Paying for Postponed Decisions

It’s funny how my work with clients takes on certain patterns. I recently wrote about multiple clients with whom I worked on organizing their jewelry. Lately, I have been visiting storage units with my clients.

As I’ve mentioned before, my very wise organizing colleague, Barbara Hemphill, declared that “Clutter is postponed decisions.®” When you decide to put items into storage, you are not only postponing the decision of what to do with that stuff, you are also paying handily for the luxury of postponing that decision.

Many clients over the years have gotten tired of paying hundreds of dollars each month and have asked me for help in closing down their self-storage units. The one I worked on recently was very satisfying for both the client and me. We went through every box at her Manhattan Mini Storage unit. She decided what should be kept and what should be hauled away, and then I repacked the boxes and added colored tape to each box indicating its destination.

My client arranged for a small moving company and a junk company to come at our next session so that we could empty the unit and close it down. The stuff that the junk company hauled away will be donated or recycled where appropriate, or put in the trash as a last resort. The stuff that she is keeping was moved to her apartment, where we stacked it up in a corner for us to put away at a future date.

Another client asked me to help her organize the storage cage in her building’s basement. The building was planning to haul away anything that wasn’t located securely in the cages, so this was an opportunity for her to review what she had and dispose of what she no longer wanted at no cost. This review reinforced what I’ve always believe: anything kept in an opaque container becomes a mystery. If you can’t see it, you’ll forget what it is.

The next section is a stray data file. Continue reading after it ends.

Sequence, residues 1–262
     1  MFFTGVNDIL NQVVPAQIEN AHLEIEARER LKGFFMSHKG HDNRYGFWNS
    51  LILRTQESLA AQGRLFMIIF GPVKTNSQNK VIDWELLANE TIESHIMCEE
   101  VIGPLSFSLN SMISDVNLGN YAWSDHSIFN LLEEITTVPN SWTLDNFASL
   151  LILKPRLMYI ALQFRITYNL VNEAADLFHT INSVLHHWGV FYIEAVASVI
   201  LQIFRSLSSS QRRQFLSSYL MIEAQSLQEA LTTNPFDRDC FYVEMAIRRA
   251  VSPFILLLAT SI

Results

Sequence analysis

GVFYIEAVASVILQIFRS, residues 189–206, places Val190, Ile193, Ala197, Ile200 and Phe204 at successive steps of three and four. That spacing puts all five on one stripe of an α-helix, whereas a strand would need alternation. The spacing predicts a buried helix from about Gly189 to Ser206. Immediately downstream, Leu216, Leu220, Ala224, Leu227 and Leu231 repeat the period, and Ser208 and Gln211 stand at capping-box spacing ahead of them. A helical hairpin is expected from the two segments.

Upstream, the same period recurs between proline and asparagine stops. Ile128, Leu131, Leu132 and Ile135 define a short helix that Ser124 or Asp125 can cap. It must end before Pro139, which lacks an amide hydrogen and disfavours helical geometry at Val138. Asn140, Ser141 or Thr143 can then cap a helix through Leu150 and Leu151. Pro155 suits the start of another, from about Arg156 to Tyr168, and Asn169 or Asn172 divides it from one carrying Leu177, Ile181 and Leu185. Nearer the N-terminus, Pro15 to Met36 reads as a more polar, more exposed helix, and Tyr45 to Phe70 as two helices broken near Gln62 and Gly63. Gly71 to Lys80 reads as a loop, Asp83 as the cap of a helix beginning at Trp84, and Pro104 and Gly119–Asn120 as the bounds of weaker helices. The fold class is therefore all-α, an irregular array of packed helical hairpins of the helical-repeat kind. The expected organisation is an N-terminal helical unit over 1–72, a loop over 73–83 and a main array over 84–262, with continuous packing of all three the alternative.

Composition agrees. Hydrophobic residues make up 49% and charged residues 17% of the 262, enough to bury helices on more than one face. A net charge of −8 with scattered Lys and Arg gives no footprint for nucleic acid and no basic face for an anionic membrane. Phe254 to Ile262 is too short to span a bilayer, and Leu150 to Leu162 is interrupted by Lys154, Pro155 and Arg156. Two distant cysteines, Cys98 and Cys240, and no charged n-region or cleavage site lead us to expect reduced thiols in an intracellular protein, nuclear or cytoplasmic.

My favorite moment during that session occurred while looking at another resident’s storage cage. This cage was filled completely with boxes from floor to ceiling, and the only thing keeping the boxes from spilling out was the chain holding the door closed. One of the boxes was labeled “Clothes I Don’t Wear”. That’s telling it like it is! (I don’t suppose I need to tell you what I would advise someone to do about clothes they don’t wear.)

The third storage closet project also took place in the basement of the client’s building. This was a room filled with postponed decisions, much of it relating to the family’s now-adult child. This is a struggle that many of my clients deal with. What do you do with the childhood stuff that your kids leave behind? At what point do you tell them that they need to come review their stuff because you plan to get rid of it?

Here are a few pointers regarding storage units:

  • I believe in renting a storage unit if you know it will be temporary. If you need a few months or a year to park your stuff because of a life change, go for it. However, if you are simply postponing difficult decisions, you will ultimately regret sending the stuff to a costly storage space.
  • Pack your items in well-marked boxes, or put them in clear storage containers. You want to be able to tell at a glance what is in the storage unit so that you can find it when you need it, or decide when it’s time to trash it.
  • Keep a list of everything you’ve added to the unit. You think you will remember, but you won’t.

Another Recycling Bin to Love

Call me fickle. Less than two years ago, I wrote a blog post extolling the small improvements I had made around my home during the slow days of the pandemic. One those improvements was the addition of a Simple Human two-compartment recycling bin in my kitchen. This bin was a definite step up for us, but it was not perfect in light of our recycling situation.

Joseph Joseph GoRecycle 28L Recycling Caddy

So when Facebook showed me an ad for the Joseph Joseph GoRecycle 28L Recycling Caddy, I decided to try it. And boy, do we love it!

The Joseph Joseph Recycling Caddy is perfect for apartment living, as it can be easily transported to the trash room in our building, where we can pour the contents into the larger recycling bins. We have dedicated one section of the caddy for paper, and the other for plastic and glass. Due to the hinged lid, it’s easy to empty out just one of the sections at a time. And the two sides of the lid come together to form a sturdy handle.

Interestingly, the Facebook ad showing this item was from the Design Store of the Museum of Modern Art.  Apparently, it’s not only functional, it’s also considered good design!

So what did I do with the Simple Human two-compartment recycling bin? I held on to it for a couple of months to make sure that I didn’t have another use for it. Then I posted it on Buy Nothing, the Facebook group that I wrote about in a blog post during the pandemic, when I was getting rid of so many things. The recycling bin was the most popular item I ever posted on Buy Nothing — 84 people expressed interest! I had to use a random number generator to pick the winner.